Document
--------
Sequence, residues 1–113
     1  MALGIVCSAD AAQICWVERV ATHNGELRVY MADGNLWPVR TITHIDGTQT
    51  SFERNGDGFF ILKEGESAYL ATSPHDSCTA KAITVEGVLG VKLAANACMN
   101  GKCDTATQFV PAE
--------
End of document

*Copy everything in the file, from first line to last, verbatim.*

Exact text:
Sequence, residues 1–113
     1  MALGIVCSAD AAQICWVERV ATHNGELRVY MADGNLWPVR TITHIDGTQT
    51  SFERNGDGFF ILKEGESAYL ATSPHDSCTA KAITVEGVLG VKLAANACMN
   101  GKCDTATQFV PAE